For example, you might run an A/B test where the emails are identical, but the call to action button itself is changed. This helps you isolate what your call to action link at the end should look like.
There are plenty of elements on each email that are worthy of testing—subject lines, first lines, visual elements, etc.
In other words, there’s no shortage of testing and research you can do.
You might want to keep this to a minimum in the early stages of your email list, however. A smaller sample size often means that you won’t end up with enough information to make educated guesses about the future of your newsletters.
Good testing requires both diligence and adequate numbers. Don’t make new assumptions without testing them first.
Over time, you’ll learn what works with your audience and what doesn’t.
That will lead to better emails—and more conversions on each email.
Mistake #4: Poor Formatting
It shouldn’t. Because engaging with your audience isn’t boring.
Grabbing their attention isn’t boring.
Coming across like a professional isn’t boring.
But I’ll spare you the lecture. You know that you need good formatting. The question is, what exactly does that entail?
- Proper grammar and spelling. Write your newsletters up in Microsoft Word or even run them through Grammarly online before you send them off. Just one quick run-through can save you major headaches, particularly if you have a large email list.
- Send a few emails to yourself, including on mobile. You want to make sure that the emails you’re sending out actually look how they’re designed to look. And the only way to do that is to actually put yourself in the shoes of a potential lead.
- Hire a proofreader. Okay, maybe you don’t need to take this step—but if you find yourself strapped for time, you can always hire a remote proofreader to go through your emails and even upload them for you. It’s a nice way to automate that kind of process, especially if you aren’t too keen on constantly micromanaging your emails.
Mistake #5: Not Trying Hard Enough
Sometimes, it boils down to that old-fashioned “e” word:
You have to work at it. You have to put time and thought into your emails. If you want to resonate with your audience, you’ll have to put yourself in their shoes. You’ll have to create stories that are relevant to what they’re going through.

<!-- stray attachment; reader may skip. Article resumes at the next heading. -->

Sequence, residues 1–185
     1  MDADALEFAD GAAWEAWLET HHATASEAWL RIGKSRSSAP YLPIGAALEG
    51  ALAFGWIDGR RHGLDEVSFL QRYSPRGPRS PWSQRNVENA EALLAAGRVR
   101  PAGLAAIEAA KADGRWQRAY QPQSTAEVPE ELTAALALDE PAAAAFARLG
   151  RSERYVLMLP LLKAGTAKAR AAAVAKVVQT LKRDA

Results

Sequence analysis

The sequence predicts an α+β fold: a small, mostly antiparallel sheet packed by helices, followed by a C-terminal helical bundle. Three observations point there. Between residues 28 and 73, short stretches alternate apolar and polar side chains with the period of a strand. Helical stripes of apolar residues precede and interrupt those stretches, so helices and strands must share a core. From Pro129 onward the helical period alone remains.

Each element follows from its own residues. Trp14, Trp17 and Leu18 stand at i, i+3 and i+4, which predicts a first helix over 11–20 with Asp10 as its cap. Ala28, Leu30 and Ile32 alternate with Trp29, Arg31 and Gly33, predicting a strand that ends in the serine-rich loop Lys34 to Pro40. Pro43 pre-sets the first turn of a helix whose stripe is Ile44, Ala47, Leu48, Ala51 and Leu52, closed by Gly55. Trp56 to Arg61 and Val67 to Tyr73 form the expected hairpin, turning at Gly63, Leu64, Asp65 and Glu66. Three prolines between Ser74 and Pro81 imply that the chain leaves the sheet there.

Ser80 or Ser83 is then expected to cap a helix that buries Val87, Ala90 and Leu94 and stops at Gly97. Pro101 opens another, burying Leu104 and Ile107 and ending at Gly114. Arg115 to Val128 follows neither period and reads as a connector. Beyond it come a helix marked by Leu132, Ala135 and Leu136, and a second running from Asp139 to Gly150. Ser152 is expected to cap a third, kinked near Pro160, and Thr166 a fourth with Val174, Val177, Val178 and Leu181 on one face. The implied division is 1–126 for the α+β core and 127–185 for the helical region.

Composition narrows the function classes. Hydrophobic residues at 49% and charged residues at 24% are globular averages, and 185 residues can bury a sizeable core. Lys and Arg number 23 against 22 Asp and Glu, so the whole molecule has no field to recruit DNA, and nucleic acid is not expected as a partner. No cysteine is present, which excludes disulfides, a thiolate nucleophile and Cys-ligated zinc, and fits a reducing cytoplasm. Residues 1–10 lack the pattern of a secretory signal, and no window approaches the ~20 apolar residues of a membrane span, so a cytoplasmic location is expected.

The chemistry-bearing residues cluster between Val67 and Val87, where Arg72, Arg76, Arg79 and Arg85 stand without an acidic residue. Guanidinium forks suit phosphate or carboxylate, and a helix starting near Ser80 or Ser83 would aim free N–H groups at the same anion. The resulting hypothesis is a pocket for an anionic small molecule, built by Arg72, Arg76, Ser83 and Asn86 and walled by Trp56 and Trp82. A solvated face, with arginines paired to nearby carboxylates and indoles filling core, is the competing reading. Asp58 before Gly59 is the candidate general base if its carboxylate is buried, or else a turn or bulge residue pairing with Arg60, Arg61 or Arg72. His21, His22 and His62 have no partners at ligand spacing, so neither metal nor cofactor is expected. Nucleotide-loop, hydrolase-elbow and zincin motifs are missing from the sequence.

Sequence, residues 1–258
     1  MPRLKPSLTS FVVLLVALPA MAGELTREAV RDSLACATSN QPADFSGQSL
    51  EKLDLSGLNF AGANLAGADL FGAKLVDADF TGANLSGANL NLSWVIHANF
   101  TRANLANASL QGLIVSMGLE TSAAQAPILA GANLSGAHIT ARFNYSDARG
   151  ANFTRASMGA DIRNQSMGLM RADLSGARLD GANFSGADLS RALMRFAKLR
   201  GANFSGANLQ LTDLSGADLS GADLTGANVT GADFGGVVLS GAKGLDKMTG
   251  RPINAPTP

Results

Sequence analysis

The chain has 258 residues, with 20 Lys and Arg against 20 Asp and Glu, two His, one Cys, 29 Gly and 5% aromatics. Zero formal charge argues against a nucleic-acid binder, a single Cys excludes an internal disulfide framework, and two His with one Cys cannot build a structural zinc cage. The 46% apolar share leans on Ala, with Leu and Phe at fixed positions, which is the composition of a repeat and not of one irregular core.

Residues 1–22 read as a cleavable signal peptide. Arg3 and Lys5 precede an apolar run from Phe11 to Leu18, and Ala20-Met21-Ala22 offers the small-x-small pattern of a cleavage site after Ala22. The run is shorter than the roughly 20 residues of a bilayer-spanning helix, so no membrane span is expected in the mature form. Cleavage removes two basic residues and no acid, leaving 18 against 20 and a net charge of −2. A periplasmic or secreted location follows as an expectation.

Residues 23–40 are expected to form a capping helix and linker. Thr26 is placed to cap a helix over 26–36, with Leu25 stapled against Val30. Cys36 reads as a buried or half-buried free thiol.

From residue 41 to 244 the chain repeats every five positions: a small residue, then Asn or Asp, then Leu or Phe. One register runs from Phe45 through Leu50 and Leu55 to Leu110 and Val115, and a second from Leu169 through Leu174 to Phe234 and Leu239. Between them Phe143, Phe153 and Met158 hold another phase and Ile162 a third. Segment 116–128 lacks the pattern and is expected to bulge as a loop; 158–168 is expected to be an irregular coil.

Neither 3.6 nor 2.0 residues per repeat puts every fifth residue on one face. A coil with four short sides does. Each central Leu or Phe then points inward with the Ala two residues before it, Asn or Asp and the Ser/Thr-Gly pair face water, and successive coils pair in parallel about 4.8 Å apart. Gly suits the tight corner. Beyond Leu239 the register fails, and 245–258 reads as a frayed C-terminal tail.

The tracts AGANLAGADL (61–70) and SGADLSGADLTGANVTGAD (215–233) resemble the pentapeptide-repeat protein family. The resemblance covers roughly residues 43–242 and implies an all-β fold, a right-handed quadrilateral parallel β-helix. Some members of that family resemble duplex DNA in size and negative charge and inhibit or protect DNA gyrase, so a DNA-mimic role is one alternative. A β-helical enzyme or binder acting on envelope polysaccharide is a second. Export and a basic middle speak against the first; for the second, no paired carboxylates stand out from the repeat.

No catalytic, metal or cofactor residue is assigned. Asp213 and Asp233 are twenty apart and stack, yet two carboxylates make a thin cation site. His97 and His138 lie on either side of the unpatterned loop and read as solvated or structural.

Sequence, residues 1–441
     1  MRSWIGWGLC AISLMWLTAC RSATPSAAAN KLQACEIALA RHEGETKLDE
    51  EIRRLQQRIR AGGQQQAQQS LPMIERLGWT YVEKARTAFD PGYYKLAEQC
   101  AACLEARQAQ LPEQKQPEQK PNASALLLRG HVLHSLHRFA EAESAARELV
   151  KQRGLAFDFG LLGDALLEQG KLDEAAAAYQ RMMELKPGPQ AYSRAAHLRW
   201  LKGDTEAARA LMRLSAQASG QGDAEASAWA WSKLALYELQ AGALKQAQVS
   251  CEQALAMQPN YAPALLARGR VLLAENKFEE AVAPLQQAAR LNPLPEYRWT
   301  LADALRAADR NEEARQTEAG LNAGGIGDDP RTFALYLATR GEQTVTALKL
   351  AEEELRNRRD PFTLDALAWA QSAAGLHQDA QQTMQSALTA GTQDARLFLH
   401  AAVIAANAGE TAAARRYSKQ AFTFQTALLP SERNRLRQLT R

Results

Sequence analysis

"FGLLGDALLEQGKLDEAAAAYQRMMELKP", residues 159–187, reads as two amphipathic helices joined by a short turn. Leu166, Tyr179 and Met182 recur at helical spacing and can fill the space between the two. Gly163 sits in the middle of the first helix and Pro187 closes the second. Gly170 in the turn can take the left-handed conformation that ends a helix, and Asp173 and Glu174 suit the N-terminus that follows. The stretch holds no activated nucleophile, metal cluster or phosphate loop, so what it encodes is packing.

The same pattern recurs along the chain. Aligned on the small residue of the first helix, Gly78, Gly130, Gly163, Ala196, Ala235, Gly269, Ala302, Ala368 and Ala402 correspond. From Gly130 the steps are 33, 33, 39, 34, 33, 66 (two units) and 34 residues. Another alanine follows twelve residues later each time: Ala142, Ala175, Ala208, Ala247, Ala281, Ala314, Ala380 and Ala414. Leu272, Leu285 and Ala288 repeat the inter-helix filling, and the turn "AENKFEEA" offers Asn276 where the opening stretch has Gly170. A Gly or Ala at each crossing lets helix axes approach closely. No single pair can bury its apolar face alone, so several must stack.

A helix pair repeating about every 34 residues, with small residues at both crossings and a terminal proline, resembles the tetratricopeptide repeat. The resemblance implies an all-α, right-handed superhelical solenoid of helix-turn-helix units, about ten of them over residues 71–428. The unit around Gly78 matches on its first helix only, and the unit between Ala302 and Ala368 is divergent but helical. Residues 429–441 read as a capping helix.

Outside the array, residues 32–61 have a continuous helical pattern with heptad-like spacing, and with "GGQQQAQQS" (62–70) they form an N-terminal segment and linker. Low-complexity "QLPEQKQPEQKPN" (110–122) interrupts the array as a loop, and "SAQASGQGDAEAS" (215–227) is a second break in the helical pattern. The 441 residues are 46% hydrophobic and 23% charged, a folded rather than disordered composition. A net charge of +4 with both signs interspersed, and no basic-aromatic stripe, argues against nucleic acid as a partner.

Sure, sometimes you can share what’s going on at your business—and people do appreciate that.
But as a business, you know that your ultimate role is to serve your clientele.
To establish yourself as someone they can trust, your emails have to reflect that—by dealing with the issues your potential leads most care about.
Mistake #6: Not Optimizing Your Emails for Lead Conversion
What’s the point of all of it if you’re not going to convert your email recipients into tangible leads (conversations)?
Just because someone is in your database and you email them from time to time doesn’t mean they’re a slam dunk when it comes to doing business with you.
Far from it.
Even past clients and referrals need to be “reactivated”—in other words: persuaded to take action, right here and now.
Each email you send should have engagement tools integrated into the content—all I’m talking about is a simple link or button—that drives the reader forward to the next phase of the conversion process.
Ideally, they’d call you… but most likely they won’t, so plan B is driving them to a landing page that coincides with the message and CTA in the email…
Next comes one of the most crucial (yet overlooked) parts of the conversion process:
Collecting information that’s relevant to the person’s inquiry… and doing it in such a way that motivates them to provide you with their contact details—basically saying, “Yes, I want to talk—call me.”
That’s then part all the big boys—Zillow, Bankrate, QuoteWizard, etc.—have mastered.
And that’s the part 99% of loan officers/mortgage brokers, insurance agents/brokers, and Realtors struggle with.
After all: you can’t do business with clicks.
If you want to catch mice, you need an effective mousetrap; the right tools make all the difference.